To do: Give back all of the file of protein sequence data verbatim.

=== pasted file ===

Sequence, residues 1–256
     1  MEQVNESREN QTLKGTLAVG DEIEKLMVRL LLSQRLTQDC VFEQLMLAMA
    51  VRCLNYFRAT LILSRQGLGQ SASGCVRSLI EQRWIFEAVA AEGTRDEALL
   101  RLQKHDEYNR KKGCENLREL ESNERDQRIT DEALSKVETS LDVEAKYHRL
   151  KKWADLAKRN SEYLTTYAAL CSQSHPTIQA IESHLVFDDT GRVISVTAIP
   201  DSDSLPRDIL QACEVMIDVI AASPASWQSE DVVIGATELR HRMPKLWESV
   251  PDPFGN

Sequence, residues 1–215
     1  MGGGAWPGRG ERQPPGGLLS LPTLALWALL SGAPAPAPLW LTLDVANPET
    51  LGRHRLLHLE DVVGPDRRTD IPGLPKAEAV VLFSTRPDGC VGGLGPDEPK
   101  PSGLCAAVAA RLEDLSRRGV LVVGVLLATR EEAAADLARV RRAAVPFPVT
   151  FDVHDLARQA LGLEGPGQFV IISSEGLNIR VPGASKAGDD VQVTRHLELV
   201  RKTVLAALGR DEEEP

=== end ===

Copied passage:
Sequence, residues 1–256
     1  MEQVNESREN QTLKGTLAVG DEIEKLMVRL LLSQRLTQDC VFEQLMLAMA
    51  VRCLNYFRAT LILSRQGLGQ SASGCVRSLI EQRWIFEAVA AEGTRDEALL
   101  RLQKHDEYNR KKGCENLREL ESNERDQRIT DEALSKVETS LDVEAKYHRL
   151  KKWADLAKRN SEYLTTYAAL CSQSHPTIQA IESHLVFDDT GRVISVTAIP
   201  DSDSLPRDIL QACEVMIDVI AASPASWQSE DVVIGATELR HRMPKLWESV
   251  PDPFGN

Sequence, residues 1–215
     1  MGGGAWPGRG ERQPPGGLLS LPTLALWALL SGAPAPAPLW LTLDVANPET
    51  LGRHRLLHLE DVVGPDRRTD IPGLPKAEAV VLFSTRPDGC VGGLGPDEPK
   101  PSGLCAAVAA RLEDLSRRGV LVVGVLLATR EEAAADLARV RRAAVPFPVT
   151  FDVHDLARQA LGLEGPGQFV IISSEGLNIR VPGASKAGDD VQVTRHLELV
   201  RKTVLAALGR DEEEP